SOMERS POINT - For even the most experienced boaters, going out on the water is always a challenge because of constantly changing conditions under the water.
And especially this season, due to shifting sand and other materials from Hurricane Sandy, boaters have had to be cautious about the conditions, since they can and often will change. A route that has been used for years could become treacherous or even impassable due to a sand bank buildup or other issues.
But a company is asking boaters to spread the word about current conditions through new technology that it hopes will make for safer travels for everybody.
Mike and Denise Sammartino are veteran boaters in Ocean City but before they go out on their speedboat, Denise said she often checks social media to find information about current conditions.
"I usually ask somebody (at a boating store) or at the dock," Mike Sammartino said.
The couple said when they're on their speedboat they will often wave to other boaters to slow down or warn about an upcoming sand bank.
But even with the warnings, Mike Sammartino said, he got stuck three times in one day shortly after Memorial Day. Issues with conditions have caused the family to purchase new parts for their vessel after it was damaged from these incidents.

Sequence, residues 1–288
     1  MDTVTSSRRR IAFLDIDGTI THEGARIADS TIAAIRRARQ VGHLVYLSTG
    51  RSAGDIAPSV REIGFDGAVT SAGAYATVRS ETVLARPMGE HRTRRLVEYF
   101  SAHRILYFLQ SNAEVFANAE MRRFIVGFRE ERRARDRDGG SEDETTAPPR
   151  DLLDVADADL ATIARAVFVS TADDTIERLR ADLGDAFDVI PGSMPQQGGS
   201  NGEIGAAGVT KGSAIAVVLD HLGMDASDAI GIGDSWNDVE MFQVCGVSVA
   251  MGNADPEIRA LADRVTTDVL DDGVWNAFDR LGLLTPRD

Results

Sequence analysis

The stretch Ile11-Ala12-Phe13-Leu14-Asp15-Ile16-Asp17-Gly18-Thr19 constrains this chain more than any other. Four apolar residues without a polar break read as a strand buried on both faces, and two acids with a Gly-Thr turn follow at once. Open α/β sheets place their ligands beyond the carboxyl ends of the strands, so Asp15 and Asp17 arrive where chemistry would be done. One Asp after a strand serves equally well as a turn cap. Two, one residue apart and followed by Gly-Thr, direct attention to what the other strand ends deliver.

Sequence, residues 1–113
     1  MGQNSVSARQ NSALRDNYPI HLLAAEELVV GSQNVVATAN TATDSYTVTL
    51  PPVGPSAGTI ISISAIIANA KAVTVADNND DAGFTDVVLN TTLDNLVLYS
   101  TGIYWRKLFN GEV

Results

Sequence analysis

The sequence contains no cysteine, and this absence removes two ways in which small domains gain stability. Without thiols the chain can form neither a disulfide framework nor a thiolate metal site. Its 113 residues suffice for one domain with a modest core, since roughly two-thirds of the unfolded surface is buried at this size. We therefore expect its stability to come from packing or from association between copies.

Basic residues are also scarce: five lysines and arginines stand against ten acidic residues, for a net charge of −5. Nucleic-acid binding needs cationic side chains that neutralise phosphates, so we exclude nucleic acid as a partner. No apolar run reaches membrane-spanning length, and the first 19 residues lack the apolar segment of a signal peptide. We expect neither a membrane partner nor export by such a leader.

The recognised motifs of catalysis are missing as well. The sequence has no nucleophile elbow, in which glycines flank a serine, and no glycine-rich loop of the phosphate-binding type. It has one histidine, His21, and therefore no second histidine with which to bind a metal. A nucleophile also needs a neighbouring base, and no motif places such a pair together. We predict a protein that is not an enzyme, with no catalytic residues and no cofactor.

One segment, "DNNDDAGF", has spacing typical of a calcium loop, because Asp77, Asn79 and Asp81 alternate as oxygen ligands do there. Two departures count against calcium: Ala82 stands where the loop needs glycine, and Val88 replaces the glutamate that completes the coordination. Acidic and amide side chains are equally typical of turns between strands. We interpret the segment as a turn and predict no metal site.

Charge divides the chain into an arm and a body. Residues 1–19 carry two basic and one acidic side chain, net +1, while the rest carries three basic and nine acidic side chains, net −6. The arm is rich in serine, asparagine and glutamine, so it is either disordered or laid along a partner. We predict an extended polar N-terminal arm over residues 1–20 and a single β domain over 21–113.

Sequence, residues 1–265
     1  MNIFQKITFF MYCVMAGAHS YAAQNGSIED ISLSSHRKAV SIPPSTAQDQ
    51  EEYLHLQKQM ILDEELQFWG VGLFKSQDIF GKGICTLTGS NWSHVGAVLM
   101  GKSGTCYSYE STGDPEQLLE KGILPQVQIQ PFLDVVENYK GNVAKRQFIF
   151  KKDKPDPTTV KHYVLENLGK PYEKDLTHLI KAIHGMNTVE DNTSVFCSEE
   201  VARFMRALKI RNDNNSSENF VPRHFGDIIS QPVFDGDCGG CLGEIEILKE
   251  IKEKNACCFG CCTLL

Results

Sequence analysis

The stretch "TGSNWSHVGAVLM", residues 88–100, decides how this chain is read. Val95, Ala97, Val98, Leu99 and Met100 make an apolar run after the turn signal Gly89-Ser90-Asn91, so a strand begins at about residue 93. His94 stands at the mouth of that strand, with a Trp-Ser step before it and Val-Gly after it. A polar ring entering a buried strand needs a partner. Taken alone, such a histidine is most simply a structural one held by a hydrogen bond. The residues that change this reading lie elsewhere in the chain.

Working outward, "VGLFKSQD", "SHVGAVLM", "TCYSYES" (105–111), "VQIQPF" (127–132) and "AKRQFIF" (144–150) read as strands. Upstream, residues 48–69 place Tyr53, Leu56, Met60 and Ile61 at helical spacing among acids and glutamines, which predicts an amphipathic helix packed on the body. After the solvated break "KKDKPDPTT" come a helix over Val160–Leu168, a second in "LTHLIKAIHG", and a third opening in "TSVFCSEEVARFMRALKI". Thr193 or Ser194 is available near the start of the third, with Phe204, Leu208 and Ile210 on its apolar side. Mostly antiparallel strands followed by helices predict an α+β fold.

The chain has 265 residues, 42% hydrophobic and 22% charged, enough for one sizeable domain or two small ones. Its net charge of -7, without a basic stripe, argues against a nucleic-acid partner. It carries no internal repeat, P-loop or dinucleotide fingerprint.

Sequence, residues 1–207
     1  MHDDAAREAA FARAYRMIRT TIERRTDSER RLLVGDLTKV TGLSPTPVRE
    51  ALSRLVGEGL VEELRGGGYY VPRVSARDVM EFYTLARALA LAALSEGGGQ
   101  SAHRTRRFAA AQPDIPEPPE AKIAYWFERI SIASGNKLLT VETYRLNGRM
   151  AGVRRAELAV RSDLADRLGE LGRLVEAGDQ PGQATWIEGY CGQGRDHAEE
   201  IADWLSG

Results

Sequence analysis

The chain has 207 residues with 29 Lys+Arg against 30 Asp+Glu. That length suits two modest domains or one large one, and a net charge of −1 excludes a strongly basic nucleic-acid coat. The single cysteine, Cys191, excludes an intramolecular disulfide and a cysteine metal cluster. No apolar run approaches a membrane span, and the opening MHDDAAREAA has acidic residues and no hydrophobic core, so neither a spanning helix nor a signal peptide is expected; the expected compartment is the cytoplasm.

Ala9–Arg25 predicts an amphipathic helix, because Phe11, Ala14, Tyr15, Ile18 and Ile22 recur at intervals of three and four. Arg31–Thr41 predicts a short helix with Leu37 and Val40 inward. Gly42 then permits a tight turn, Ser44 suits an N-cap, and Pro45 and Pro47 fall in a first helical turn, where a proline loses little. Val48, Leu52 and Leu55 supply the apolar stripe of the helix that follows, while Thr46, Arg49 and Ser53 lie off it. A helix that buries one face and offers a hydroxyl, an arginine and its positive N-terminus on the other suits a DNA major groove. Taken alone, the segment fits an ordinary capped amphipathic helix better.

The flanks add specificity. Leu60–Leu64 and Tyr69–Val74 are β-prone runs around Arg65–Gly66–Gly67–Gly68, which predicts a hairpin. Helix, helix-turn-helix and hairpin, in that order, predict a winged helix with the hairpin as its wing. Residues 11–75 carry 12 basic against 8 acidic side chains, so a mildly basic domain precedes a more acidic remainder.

Some areas have changed so much recently they are barely passable.
Don Stein, of the Fortescue Captains and Boat Owners Association, said the sand at Fortescue Creek at the Delaware Bay in Cumberland County has had two to three additional feet of sand after Hurricane Sandy. The conditions have caused many of the oyster and charter boats to leave the area and go to different marinas, he said.
Jon Noel, a sales manager for Navionics, was at the West Marine store on New Road on Friday to spread the word to boaters about a new system that helps them be up-to-date on the conditions. The company has updated maps that show the depth of the water, based on pictures from boaters who recently traveled the water.
The boaters use chart plotters on their boats that take underwater pictures. They can then go onto the company's website, Navionics.com, upload their pictures and download updated maps. Boaters can download the maps onto their chart plotter or smart phone to take with them while on the water.
"It's all about safety," Noel said, since the boaters will have a good idea of where they should avoid.
The company will donate $1 to the New Jersey Marine Track Association for every person that uses the system this weekend, he said.
"The more people who do it the better our data is," he said.
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